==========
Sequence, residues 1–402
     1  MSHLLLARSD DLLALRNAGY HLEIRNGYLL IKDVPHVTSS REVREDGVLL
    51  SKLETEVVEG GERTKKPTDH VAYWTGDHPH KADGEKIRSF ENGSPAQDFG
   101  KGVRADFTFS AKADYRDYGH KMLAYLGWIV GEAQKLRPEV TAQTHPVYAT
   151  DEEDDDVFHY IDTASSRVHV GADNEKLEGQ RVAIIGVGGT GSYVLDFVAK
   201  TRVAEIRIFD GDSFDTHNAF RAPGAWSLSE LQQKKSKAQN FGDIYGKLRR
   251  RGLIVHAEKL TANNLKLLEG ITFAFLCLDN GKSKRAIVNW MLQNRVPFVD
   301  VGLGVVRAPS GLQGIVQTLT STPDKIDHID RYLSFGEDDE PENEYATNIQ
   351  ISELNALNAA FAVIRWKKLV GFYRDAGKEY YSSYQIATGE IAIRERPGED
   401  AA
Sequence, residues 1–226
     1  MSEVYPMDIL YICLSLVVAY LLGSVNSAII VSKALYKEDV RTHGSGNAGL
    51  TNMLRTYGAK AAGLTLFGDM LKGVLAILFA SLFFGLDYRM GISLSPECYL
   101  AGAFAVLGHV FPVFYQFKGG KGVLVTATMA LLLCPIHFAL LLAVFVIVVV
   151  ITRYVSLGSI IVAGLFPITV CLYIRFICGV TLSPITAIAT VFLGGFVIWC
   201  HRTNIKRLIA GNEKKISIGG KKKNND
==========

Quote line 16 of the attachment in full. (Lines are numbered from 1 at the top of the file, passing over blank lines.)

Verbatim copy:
   201  HRTNIKRLIA GNEKKISIGG KKKNND